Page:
Piaget’s 12P incorporated the recently developed micro rotor, which wound the watch by way of a small mass recessed into the movement. Suspended by two bridges, the device fit the diminutive dimensions of the movement impeccably, and the component is often used in ultra-thin watchmaking to this day. Panache, however, was not necessarily a priority for Piaget’s designers, who deliberately favoured conventional movement architecture — an approach the company has adhered to with the new-generation ultra-thin calibres it has introduced at intervals since the late 1990s.

“The more simple and basic you are in terms of architecture on the ultra–thins, the more reliable you are,” explains Quentin Hebert, one of Piaget’s movement specialists. “That is the chief design consideration for the whole 1200 family. There are no crazy constructions. What we do have to master is the repetition of the thinness of the components from one movement to another.”

As a result, the movements for Piaget’s relaunched Altiplano models back away slightly from the extreme dimensions of the 9P and 12P in favor of improved reliability and better flexing tolerance. Despite these concessions, the brand continues to see the value in producing record-setting thin watches. Subsequent versions of the 1200 (automatic) movement have established thinness records for automatic winding, subsidiary-seconds, skeleton, and diamond-set wristwatches.

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According to the company, Piaget’s efforts in ultra-thin watchmaking are driven by considerations of aesthetics and style. However, it is difficult to believe that setting a world record was not one of the primary considerations behind the radical design of 2014’s Altiplano 900P. By using the caseback as the main plate of the movement, Piaget reduced the overall thickness of the watch to just 3.65 millimetres. The brand’s engineers are also quick to point out that the architecture permitted the use of full bridging on the movement, a construction Piaget has retained for function and reliability.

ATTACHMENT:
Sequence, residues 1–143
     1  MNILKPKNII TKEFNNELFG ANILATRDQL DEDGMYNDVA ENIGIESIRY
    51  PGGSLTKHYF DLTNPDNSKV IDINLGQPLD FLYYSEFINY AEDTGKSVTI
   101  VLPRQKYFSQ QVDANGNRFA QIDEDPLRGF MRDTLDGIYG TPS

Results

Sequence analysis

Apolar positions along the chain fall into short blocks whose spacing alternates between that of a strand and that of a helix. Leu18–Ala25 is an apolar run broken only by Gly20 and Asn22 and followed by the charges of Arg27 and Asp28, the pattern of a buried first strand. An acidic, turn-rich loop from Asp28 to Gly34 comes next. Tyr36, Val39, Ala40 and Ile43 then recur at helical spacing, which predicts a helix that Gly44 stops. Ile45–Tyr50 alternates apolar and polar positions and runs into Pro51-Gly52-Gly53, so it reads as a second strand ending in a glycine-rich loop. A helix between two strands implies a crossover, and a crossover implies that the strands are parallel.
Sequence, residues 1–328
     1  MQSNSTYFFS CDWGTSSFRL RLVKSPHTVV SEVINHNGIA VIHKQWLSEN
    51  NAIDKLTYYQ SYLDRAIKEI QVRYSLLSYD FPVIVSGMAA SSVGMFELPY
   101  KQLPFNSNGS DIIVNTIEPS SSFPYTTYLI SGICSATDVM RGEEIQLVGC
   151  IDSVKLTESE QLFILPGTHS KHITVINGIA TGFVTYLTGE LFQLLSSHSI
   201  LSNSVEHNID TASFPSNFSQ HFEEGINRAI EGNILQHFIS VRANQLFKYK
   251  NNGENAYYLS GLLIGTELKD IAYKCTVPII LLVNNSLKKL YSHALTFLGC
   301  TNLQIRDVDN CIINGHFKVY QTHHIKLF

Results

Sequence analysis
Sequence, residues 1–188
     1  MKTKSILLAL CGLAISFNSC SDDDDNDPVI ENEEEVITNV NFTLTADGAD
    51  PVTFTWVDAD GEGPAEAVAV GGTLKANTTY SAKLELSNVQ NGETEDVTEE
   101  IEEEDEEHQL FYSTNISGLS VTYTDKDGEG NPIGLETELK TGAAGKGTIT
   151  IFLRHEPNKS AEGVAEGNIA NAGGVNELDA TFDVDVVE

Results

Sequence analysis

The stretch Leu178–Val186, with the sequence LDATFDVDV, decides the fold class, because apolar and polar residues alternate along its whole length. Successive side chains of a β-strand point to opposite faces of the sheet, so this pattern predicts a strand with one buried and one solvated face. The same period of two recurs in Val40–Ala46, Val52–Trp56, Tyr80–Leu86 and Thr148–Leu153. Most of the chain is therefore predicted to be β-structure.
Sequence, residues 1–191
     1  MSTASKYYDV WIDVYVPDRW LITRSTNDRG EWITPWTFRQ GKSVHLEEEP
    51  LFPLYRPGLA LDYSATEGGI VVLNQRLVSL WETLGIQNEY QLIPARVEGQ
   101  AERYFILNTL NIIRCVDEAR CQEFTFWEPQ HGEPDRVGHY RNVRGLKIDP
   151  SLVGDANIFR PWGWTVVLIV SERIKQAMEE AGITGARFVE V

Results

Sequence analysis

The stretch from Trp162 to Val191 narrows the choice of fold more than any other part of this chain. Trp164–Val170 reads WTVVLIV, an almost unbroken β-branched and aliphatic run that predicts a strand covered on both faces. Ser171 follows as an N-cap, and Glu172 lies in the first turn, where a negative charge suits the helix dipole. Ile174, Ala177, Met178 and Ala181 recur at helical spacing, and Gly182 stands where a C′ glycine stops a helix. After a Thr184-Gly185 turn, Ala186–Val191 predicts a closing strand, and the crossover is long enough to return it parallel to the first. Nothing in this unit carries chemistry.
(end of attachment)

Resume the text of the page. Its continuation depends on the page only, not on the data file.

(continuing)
Although Piaget has consistently shown an essential conservatism in movement design, Bulgari — the new lead player in the segment — will not submit to such rigid constraints. One of the two ultra-thin models it launched in 2014 was a 1.95-millimetre thick tourbillon that dispensed with traditional bridging in favour of bearing systems to support several of the wheels in the gear train as well as the tourbillon cage. This arrangement might make conservative-minded watchmakers blanch, but Bulgari shaved nearly a millimetre off the movement height of its closest competitor.

“The bearings almost need to be individually polished for perfect running,” says Sheridan, who works on these movements almost daily at the Le Sentier facility. “Each has to be adjusted so that there is no movement or play in the bearing race, yet it runs freely. It’s a very delicate adjustment.”

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Alongside the 2014 tourbillon, Bulgari released a hand-wound, small-seconds model that certainly qualified as ultrathin at 5.37 mm, though it broke no records. The design of the 2.353-millimetre-thick movement, however, demonstrates the company’s ambitious planning. This year, the movement was adjusted by removing the reverse-side power-reserve indicator and replacing it with a microrotor winding mechanism.

This configuration allowed the movement to be a few hundredths of a millimetre thinner than Piaget’s 12P and the watch to present a slimmer profile than Piaget’s thinnest automatic. The margins of difference in measurement may be tiny, but insofar as they serve to demonstrate the competency of the brand’s Le Sentier facility — now managed by Jean-Yves Basin — they are hugely significant.

For every record achieved by the makers of ultrathin watches, there are many stories of movements that were never brought to market or were discarded altogether because of functionality or reliability problems. Despite this failure rate, the quest for thinness is more relevant now than ever before. As increasing numbers of collectors prefer pieces — even complicated ones — that are wearable under the cuff, the competition to save space inside the case is yielding watches that are more enjoyable and comfortable to wear on the wrist day after day.